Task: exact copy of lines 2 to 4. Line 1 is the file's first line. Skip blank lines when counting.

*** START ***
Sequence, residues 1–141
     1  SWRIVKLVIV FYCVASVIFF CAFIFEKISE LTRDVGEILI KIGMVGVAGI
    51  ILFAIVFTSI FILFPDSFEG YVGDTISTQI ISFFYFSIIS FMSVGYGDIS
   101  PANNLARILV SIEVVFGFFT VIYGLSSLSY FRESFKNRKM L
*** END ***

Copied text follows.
     1  SWRIVKLVIV FYCVASVIFF CAFIFEKISE LTRDVGEILI KIGMVGVAGI
    51  ILFAIVFTSI FILFPDSFEG YVGDTISTQI ISFFYFSIIS FMSVGYGDIS
   101  PANNLARILV SIEVVFGFFT VIYGLSSLSY FRESFKNRKM L